Southerland said he thinks the Republican Party is on firm ground and said the mood among conservative House members is optimistic.
BALTIMORE — Conservative House Republicans gathered at a posh hotel in Maryland are aiming for a fresh start after a bruising election and intraparty battles had them slumping into the 113th Congress.
Indeed, the House GOP is more united now than it has been in the last few years, a sentiment that showed as the Republican Study Committee and the Heritage Foundation hosted three days of policy panels and talks for members.
Congressmen played down the strife of recent months and focused instead on the recent success of the No Budget, No Pay Act and how to spin that forward into unified policy victories in the coming months.
“If I had one word to describe this weekend, it would be optimism,” said Rep. Steve Southerland II of Florida, a leader in the RSC and the sophomore class leadership representative. “Our differences are tactical, strategy.”
Southerland said he believes the party is on firmer footing going into the battles over annual spending bills and automatic spending cuts known as sequestration. “Therefore the determining tactic is not as combative. It’s a little easier when you’re on firm ground,” he said.
Conference Chairwoman Cathy McMorris Rodgers of Washington state was the highest-ranking member of leadership to attend the retreat, and although many of the most hard-line conservatives may not have supported her for the post, she said members were appreciative that she came.
“People expressed they were pleased that I’d taken the time. I think it is important that I’m hearing from all different aspects, different perspectives, of the conference,” she said. “That’s how you build the trust, and we need to do that more often — take some time to listen to each other, where different members are coming from, so we can unify going forward.”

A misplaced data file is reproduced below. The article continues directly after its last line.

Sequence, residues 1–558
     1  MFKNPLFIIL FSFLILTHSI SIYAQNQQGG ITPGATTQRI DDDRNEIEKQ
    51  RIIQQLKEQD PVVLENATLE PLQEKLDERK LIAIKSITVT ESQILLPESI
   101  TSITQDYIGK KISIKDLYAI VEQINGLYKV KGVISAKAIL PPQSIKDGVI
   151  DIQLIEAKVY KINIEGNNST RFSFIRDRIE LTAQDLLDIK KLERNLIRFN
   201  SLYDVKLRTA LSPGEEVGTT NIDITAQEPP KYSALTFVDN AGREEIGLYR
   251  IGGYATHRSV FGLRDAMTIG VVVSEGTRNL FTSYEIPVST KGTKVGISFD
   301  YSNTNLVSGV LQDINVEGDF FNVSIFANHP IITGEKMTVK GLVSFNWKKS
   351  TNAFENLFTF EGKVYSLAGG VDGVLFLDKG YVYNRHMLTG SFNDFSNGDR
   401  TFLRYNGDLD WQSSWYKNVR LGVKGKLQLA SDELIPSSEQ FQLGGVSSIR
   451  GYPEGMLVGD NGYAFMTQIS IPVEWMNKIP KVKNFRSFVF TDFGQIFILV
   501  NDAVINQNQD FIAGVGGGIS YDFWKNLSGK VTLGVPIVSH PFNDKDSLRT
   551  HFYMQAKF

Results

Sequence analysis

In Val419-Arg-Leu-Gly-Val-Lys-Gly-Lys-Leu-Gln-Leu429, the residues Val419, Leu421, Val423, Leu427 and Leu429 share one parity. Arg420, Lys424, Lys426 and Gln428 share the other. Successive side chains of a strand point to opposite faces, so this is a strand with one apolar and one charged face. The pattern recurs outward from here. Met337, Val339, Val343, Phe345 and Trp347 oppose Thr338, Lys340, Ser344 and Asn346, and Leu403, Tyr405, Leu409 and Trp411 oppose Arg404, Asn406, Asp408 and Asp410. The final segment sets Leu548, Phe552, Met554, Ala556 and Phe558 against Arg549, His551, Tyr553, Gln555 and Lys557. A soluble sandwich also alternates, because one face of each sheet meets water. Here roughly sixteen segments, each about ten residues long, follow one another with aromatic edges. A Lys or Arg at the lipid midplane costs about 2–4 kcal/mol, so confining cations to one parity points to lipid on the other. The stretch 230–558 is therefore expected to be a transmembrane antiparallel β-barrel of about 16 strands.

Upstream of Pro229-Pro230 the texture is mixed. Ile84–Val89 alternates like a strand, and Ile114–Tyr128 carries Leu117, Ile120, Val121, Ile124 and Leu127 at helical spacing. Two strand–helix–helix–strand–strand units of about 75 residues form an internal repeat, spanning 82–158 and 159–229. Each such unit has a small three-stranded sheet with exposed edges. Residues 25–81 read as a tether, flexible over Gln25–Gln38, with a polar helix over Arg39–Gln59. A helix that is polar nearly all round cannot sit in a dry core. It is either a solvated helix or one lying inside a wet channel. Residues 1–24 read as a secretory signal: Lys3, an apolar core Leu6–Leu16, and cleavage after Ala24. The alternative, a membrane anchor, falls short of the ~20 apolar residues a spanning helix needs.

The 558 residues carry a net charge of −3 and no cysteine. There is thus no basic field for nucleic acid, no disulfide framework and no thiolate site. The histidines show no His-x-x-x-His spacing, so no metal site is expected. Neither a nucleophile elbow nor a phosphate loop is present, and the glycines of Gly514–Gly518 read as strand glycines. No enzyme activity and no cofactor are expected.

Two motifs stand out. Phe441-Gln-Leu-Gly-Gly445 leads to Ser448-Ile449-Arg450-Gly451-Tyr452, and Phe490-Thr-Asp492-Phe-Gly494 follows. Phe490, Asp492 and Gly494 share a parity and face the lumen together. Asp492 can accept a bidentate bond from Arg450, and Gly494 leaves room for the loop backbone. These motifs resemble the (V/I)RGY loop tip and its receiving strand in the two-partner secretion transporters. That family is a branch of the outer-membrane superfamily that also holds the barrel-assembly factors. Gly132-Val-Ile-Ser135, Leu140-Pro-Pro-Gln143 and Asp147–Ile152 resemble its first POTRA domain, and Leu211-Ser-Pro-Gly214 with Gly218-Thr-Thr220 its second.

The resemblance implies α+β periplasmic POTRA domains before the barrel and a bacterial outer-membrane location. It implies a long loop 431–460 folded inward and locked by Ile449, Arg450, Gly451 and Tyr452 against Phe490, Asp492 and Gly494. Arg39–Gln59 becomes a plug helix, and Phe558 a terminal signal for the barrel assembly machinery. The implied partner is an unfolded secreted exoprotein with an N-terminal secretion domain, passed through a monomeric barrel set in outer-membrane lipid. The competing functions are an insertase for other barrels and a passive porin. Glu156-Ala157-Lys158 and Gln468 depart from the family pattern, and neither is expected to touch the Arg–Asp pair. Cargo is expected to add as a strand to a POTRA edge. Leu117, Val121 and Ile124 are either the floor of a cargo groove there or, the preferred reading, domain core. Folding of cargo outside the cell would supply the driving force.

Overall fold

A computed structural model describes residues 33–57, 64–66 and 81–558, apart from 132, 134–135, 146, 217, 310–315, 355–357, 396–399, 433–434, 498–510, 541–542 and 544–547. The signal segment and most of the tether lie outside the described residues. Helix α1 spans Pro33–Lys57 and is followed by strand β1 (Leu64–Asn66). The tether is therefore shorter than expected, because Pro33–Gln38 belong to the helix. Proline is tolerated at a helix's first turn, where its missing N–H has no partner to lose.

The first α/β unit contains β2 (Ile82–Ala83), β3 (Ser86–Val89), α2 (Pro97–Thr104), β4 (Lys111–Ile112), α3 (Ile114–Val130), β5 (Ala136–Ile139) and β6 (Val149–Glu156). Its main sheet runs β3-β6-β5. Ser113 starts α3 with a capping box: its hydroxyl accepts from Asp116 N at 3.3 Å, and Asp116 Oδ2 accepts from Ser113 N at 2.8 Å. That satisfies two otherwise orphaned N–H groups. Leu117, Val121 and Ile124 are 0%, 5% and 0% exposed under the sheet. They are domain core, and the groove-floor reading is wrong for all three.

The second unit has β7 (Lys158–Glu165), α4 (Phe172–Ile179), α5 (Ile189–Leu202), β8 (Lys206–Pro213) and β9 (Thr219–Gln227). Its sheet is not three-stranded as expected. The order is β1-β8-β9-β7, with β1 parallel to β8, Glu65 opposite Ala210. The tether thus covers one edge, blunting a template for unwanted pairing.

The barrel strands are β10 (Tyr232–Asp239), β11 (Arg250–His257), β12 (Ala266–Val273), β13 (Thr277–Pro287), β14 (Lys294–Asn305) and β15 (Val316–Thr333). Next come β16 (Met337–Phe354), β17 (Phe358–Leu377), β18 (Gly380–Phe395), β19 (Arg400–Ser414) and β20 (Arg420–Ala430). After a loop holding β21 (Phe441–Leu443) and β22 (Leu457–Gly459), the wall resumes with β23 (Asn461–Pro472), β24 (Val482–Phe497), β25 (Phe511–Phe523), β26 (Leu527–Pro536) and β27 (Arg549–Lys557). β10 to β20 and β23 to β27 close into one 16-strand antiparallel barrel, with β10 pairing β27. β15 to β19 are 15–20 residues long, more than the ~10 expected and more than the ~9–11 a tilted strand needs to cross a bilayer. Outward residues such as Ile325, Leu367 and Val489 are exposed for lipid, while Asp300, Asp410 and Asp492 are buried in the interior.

Members heard from a slate of speakers, including CNBC’s Larry Kudlow, a crowd favorite who used to work in the Reagan Administration and spoke to members about conveying conservative principles with positivity, as President Ronald Reagan did.
Rep. Tom Price of Georgia, a physician who is considering a Senate run, led a panel discussion on health care, which focused on a tweaking their previous strategy, known as repeal-and-replace Obamacare. He said he will reintroduce his alternative to Obamacare for a third time.
“I asked folks to be really in tune with what their constituents are saying, because the consequences of this law is that real people are going to get hurt. They need to have their finger on that pulse,” Price said.
Rep. Mick Mulvaney of South Carolina said the more the law gets implemented, the more appetite there will be to repeal it.
From left, Lisa Peng, daughter of Peng Ming, Grace Ge Geng, daughter of Gao Zhisheng, and Ti-Anna Wang, daughter of Wang Bingzhang, hold pictures of their imprisoned fathers during a House Subcommittee on Africa, Global Health, Global Human Rights, and International Organizations hearing in the Rayburn House Office Building titled “Their Daughters Appeal to Beijing: ‘Let Our Fathers Go!’”
Each year since 1990, CQ Roll Call has reviewed the financial disclosures of all 541 senators, representatives and delegates to determine the 50 richest members of Congress. This year's report, derived from forms covering the calendar year 2012, shows it took a net worth of $6.67 million to crack the exclusive club.